Google wants to streamline the tricky process of assigning addresses in rural areas


There are many places in the world that don’t have an address system, which can restrict the opportunities available for people who live and work in those areas. Without an address, you can’t get mail or packages, nor can you vote or sign up for bank accounts, for example. Emergency responders can’t even find you easily if you don’t have an address. Google’s open-source Plus Codes system has been around since 2015 to help assign addresses to places, matching a series of letters and numbers to a set of latitude and longitude coordinates.

But, according to Google, “previously, creating addresses for an entire town or village could take years.” The company is releasing a new tool today called Address Maker that would make mass generation of these codes easier for governments and organizations. Google said that governments and non-government organizations (NGOs) in Kenya, India, South African and the US are already using Address Maker, “with more partners on the way.”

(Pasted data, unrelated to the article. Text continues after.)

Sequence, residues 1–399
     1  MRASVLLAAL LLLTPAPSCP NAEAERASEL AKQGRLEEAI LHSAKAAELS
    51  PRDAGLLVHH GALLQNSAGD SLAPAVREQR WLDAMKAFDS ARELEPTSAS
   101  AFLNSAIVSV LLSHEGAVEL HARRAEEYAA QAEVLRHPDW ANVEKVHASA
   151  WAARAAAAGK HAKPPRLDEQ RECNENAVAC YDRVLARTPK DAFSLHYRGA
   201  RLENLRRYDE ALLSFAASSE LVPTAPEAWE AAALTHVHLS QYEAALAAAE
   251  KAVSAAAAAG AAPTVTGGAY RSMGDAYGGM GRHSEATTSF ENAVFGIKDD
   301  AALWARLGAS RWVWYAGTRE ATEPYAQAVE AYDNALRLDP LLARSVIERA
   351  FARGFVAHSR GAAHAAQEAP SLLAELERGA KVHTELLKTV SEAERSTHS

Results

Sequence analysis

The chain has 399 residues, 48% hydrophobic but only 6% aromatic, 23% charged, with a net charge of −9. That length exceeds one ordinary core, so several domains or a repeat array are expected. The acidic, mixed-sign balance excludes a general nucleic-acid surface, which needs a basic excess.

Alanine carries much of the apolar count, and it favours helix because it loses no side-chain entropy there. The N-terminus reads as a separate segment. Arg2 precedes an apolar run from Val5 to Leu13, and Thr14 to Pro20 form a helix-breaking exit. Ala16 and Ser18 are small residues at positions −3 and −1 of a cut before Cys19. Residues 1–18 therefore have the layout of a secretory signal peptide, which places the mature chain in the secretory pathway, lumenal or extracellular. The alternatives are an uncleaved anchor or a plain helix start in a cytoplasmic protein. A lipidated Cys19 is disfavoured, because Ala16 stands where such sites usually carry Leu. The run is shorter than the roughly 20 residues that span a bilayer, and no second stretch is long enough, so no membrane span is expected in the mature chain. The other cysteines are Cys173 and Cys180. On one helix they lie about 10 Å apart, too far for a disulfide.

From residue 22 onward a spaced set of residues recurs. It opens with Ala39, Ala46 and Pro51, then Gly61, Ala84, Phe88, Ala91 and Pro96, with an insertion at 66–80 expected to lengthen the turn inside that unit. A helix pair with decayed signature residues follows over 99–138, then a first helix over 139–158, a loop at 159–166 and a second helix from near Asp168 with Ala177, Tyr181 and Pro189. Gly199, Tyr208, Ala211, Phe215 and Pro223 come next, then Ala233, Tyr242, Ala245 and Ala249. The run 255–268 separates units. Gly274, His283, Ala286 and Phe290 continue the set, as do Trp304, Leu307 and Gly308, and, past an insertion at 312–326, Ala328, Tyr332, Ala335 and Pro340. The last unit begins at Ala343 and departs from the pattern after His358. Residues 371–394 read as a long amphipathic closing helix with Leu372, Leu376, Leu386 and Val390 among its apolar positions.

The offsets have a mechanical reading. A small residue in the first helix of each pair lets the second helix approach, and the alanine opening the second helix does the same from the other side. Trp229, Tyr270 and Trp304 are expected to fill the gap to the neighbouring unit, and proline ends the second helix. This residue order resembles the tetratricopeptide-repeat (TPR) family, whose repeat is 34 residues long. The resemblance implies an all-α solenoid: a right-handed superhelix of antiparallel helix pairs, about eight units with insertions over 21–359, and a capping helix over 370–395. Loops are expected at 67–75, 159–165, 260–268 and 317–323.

Anyone can enter one of these codes, which look like “P2J5+7C,” into Google Maps and see where that place is or get directions. For people who already have existing addresses that are long or complicated, these could be helpful in making sure your contacts find you at the correct spot. If you’ve ever tried to send a package to an industrial area in a country you’re not familiar with, you’ll probably find Plus Codes helpful, too.

An animated GIF showing how Google's new Address Maker app works.

Google

Address Maker is a free Android app and shorted the previously years-long process to a few weeks, Google said. Based on an animated render, it appears you can outline segments on a map and add addresses for multiple structures within the area at once. You can check out Google’s page for more help, especially if you’re part of a local government or NGO.

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